<img height="1" width="1" style="display:none" src="https://www.facebook.com/tr?id=427963060747101&amp;ev=PageView&amp;noscript=1"> 7 Tips For Retailers To Avoid Holiday Burn Out

7 Tips For Retailers To Avoid Holiday Burn Out

December 15, 2010

retail sales holiday burn outWith all the demands of retail including longer hours, employees calling in sick and returns, it is easy to throw up your hands and become the Grinch. You can't let that comfortable old "grinchy" feeling in or it will cost you sales.

So how to avoid it?

First, embrace the idea of the holiday music. Instead of fighting it, look at it as a reminder these are the money weeks. Remember holiday music makes shoppers feel merry. And happy shoppers buy more than unhappy ones.

Second, make a schedule policy and stick to it. No one gets Christmas Eve off or the day after Christmas. No one. Not your daughter, your son, your mother-in-law or you – no one. The speed of the leader is the speed of the group. If it is slow, you can always be generous and let them go early. But you don’t want to be swamped from noon-5 when the dads shop and have no one to help these guys.

Third, offer shorter holiday shifts for your employees. This is your business but it isn’t there’s. They can become Grinches much quicker than you. So do them a favor and give them a six-hour shift if you can or a split shift, they may have to open four four hours and close for four hours but they can get off during the middle of the day for errands or shopping. Giving them choices ahead of time allows for much happier employees.

Fourth, set a daily goal for your store. I don’t care how much, but set it in two parts. You could also set a goal that by close of business Christmas Eve you’ll have done X for the month and by close of business December 31, you’ll have done Y. Track your progress daily. Give the employees something for achieving both. And that reward includes yourself.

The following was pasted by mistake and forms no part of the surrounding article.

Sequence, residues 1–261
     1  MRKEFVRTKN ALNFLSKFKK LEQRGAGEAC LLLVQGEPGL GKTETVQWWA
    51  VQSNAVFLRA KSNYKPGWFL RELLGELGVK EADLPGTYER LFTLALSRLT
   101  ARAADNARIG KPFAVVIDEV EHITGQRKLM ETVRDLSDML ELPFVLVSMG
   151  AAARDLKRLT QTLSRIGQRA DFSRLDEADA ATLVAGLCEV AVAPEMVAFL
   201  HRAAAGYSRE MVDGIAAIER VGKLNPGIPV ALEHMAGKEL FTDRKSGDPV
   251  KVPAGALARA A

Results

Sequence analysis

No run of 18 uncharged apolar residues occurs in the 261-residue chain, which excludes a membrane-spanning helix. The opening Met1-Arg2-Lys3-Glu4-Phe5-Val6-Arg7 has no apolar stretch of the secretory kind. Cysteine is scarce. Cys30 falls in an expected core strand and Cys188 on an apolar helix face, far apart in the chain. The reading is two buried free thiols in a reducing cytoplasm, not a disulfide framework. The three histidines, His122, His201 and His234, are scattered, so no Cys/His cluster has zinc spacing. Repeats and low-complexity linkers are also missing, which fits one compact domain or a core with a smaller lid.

Fifth, have short meetings with your staff. Set a goal for their shift of some of your most profitable products, and show them how they can upsell.

Sixth, develop your sixth sense. Always have your head up and looking around your store to see who has been waiting a long time, who has a question, which cashier is not up to it. Step in as appropriate to keep the store moving along. People are more stressed than ever with less time and they are going to punish those who make them wait.

Seventh, remember this is the season to be building your list so get every customer to signup for your free newsletter or a drawing. (I always like to give away a train set with the drawing on Christmas Eve at 3pm.) Include on the entry slip the customers’ name, email, phone as well as the name and birth date of the person they are buying the holiday gift for now. You can use all of this marketing information during the first part of 2011.

Finally remember: the holidays will still come with their promise of good things. Don’t turn on the TV and watch mindless talking heads tell you how awful retail sales were, are, or could be in some place in the US. The only thing to tell yourself is how determined you are to be remarkable in the minds of your customers; from the moment they enter the door to the time the gift is unwrapped.

Your customers want to see someone brilliant on the basics of great retail, not burned out and bitter. You can do this; just decide to embrace this season and all it entails.

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